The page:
When we visited, it was 100 degrees outside. With the heat and humidity pushing down on us, we ran our fingers over the names of some 4,400 documented people who had been lynched in the US between 1877 and 1949, etched in steel. Stark life-sized figures of enslaved people stood beside us as we read powerful quotes from luminaries such as Martin Luther King, Jr. and Toni Morrison. Another statue, seen on the way out of the memorial, featured a dozen faces with their arms above their heads. Our group was particularly struck by this piece, which seemed to show its subjects rising up. “But what if they’re really sinking?” one student asked. As it turns out, the piece, created by Hank Willis Thomas, is a comment on the current issue of police brutality; the figures are holding their arms up in surrender.

At the accompanying Legacy Museum—located in the area of a former warehouse used to house slaves—we read heartbreaking stories of families torn apart by slavery as well as newspaper ads from parents and children searching for each other after emancipation. We saw signs from the Jim Crow era and even holograms depicting slaves behind bars—one woman’s
spiritual singing rang in my head for hours. The museum made clear the trajectory from enslavement to racial violence today in the forms of mass incarceration and police brutality. We saw photos of children sentenced to death, and handwritten notes to lawyers from people in prison—some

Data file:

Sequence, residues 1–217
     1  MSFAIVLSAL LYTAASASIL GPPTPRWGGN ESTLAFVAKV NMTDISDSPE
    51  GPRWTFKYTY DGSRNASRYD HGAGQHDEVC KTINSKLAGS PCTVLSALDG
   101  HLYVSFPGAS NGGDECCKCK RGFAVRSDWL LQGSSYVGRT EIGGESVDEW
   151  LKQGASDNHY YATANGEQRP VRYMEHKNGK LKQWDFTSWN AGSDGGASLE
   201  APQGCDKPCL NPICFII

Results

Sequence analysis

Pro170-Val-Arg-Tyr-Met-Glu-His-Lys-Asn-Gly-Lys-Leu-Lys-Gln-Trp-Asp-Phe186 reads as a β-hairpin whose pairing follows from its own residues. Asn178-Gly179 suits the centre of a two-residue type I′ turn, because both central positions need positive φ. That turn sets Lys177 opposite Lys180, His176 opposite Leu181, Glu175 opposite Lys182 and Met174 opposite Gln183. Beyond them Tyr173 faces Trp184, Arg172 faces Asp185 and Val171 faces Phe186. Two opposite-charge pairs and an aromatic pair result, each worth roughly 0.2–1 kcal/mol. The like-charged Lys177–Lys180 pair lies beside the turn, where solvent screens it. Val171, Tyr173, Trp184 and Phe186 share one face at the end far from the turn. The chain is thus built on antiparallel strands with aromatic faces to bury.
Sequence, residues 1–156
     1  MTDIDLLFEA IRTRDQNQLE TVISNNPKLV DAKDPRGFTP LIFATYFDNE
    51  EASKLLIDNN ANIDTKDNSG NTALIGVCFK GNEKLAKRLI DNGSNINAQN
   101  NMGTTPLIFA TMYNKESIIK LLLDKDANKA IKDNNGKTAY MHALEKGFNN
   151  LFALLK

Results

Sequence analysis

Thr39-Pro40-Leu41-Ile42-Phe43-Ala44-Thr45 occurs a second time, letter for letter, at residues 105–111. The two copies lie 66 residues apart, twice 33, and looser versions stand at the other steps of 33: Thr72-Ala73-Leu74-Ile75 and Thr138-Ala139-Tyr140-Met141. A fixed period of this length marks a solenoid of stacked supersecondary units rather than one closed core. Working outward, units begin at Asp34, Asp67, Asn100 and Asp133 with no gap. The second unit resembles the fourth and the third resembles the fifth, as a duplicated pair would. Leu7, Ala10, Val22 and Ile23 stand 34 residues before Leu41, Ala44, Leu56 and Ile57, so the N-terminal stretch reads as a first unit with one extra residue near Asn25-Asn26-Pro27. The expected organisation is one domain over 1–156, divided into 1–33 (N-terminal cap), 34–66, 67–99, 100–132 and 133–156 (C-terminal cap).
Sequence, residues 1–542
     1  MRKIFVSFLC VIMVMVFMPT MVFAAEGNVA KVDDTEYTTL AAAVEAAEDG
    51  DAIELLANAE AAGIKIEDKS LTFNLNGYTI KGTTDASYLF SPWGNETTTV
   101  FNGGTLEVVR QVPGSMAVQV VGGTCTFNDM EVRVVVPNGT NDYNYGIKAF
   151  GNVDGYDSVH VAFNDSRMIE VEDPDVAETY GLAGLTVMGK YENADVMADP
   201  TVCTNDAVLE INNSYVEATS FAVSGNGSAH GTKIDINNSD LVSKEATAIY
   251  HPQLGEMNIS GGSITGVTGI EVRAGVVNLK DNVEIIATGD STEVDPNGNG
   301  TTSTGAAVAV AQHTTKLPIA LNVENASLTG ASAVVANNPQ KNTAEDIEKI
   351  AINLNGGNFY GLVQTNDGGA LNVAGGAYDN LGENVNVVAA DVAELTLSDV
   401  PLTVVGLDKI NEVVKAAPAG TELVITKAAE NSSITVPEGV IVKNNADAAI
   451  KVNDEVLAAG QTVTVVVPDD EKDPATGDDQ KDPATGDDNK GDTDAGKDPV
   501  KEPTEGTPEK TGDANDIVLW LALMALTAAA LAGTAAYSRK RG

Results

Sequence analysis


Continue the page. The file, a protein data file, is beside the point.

children themselves—and others who seemed to have given up on ever being released.

“I struggle with calling it history,” said Devin Carr, during one of many reflection circles on the trip. “It’s all still happening today.” Carr, an Alabama native who works as the director of the Center for Student Leadership, Equity, and Excellence at Mills, was tasked with preparing us students—most of whom had never been to the South—for interacting with a culture vastly different from our own. Many students expressed fear toward a place they had learned to view in a negative way, given its history of racial violence.

The Legacy Museum in Montgomery, Alabama, includes collections of soil from locations throughout the state where lynchings took place. (Photo by Carrie Milligan Hall)